Reggie Watts and Stevie Dangerfield are homicide detectives called in to investigate in the suspicious death of a piano teacher. A link to chapters 1 through 8 are available.
Rubato- Chapter 9
"I have always felt a peculiar frisson upon seeing for the first time the actual handwriting of a master composer, alive with its irregularities, its visible impulses, its detectable moments of ease and worry, of joy and despair... No printed score can offer such insights."
She clutched the music to her chest. How she loved looking at the measures carefully drawn with such precision.
Reggie and Stevie sat across from each other at the dining room table. The documents were sorted into piles of correspondence, written documents, and music. Reggie was holding a clear sleeve and within was a very old, yellowed fragment of music written by hand on a parchment like paper with black ink.
“Are you telling me that this is valuable? Valuable enough to kill someone to get it?” Reggie held the plastic sleeve up into the light.
“It is priceless. Handwritten scores by the composers themselves are precious to scholars and musicians. Their scores have information about how the composer truly intended their piece to be played and felt. There are no editorial markings or suggestions, just the original notes and notations. Is it more valuable than human life? No, I can’t imagine it has a price tag high enough to murder someone to get hold of it.”
“So, what is this music exactly?”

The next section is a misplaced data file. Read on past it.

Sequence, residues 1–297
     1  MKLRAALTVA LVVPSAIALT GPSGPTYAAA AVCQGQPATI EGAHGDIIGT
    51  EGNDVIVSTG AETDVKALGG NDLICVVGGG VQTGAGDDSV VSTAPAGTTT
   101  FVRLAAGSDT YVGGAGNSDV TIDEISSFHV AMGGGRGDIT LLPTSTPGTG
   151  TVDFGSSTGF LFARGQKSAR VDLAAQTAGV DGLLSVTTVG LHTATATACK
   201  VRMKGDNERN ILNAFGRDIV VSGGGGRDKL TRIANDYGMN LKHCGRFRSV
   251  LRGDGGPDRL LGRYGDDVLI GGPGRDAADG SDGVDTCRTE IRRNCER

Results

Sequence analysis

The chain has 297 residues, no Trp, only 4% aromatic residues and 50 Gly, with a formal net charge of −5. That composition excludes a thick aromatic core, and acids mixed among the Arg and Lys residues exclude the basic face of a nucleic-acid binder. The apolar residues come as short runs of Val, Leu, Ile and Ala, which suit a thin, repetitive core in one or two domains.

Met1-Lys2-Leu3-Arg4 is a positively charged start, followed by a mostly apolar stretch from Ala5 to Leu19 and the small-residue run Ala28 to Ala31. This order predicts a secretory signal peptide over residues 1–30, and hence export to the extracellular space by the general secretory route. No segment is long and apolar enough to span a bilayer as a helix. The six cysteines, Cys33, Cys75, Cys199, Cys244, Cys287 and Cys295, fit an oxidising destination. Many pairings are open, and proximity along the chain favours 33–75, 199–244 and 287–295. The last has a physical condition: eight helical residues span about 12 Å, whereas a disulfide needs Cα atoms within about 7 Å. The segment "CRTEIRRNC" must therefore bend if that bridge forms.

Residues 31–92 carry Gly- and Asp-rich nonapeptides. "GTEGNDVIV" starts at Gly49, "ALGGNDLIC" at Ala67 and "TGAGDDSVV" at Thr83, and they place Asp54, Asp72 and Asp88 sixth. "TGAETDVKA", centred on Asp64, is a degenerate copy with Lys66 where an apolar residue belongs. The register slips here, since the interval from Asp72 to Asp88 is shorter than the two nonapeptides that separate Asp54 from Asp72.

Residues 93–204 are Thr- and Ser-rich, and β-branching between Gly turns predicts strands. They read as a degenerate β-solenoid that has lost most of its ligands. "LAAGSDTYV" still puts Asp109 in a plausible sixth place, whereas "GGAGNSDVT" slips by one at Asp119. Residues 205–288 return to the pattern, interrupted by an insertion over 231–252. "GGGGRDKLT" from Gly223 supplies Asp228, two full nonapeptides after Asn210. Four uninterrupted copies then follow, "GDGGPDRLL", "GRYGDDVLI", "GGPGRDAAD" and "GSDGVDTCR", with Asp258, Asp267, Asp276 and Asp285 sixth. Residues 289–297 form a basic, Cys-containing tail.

“I think it is the beginning of the Hungarian Rhapsody No. 8. It is a very difficult piece. All of the Rhapsodies are challenging even to the best pianists. He wrote them to embody the gypsy spirit. The basic form copies the fast and slow parts of a folk dance. Here, I have a copy.” Stevie jumped up and went into the living room. Reggie was interested in what she was going to find, so he followed her. From the top shelf she pulled out a large, thick paperback book. She turned to the page and carefully put the clear sleeve next to it. “It is exactly what I said. Look at the elegance in his writing”. She stood to take the book and the autograph to the piano. “I may not be able to play it well, but would you like to hear it?”
Reggie settled into the soft cushions of the couch. After Stevie adjusted the piano bench she placed her hands over the keys. The first notes had many repeats with trills. Then the bass started a low melody line. Stevie looked transfixed by sound. Gone was the tough cop and here was an artist controlling a much bigger instrument with grace and force. The Rhapsody lasted a few minutes but time stopped for Reggie, who was intently listening. He didn’t know much about classical music. Being so close to a grand piano and witnessing a gifted musician was rare. She lifted her hands but the sound bloomed up and then slowly diminished. Then there was silence.
“Why are you a cop?” Reggie asked quietly.
Stevie sat in thought. “I am a detective because I need to solve problems. I need to understand human nature and why people do what they do. I could have become a social worker or guidance counselor but that would require accepting that people change ever so slowly. As detectives we pry and question, pulling information from suspects until we the truth surfaces. Then we can close the case and walk away.”
“But you didn’t answer my question. Why aren’t you a musician by profession?”
“I am a musician. Through years of learning and practice I can claim that title. But, financially supporting myself as a pianist isn’t easy. I know. My mother tried to pursue her piano performance career for decades. My father supported her but her choices to perform all over the world left my Dad and I on our own. I am a homebody. I need a center of gravity which to me is my space and my piano. Why are you a detective?”
“I like thinking that I am fighting to make things right. My father was a policeman and I admired his bravery. Sometimes my optimism gets jaded by corruption. We see a lot of crap and have a front row seat to see the worst in people. But, heck, being a detective beats sitting in front of a computer all day!’